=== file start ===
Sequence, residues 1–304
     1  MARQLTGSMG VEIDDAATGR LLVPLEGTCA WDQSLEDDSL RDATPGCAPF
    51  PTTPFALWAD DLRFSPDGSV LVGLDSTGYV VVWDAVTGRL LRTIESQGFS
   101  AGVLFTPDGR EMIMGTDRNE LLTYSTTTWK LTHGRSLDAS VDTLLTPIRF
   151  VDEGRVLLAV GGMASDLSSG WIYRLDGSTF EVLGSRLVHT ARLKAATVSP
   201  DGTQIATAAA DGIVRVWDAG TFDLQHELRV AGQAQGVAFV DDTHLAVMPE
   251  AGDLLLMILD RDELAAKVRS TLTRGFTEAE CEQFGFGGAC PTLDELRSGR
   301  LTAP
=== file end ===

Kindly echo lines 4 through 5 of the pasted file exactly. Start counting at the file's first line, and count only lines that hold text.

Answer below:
   101  AGVLFTPDGR EMIMGTDRNE LLTYSTTTWK LTHGRSLDAS VDTLLTPIRF
   151  VDEGRVLLAV GGMASDLSSG WIYRLDGSTF EVLGSRLVHT ARLKAATVSP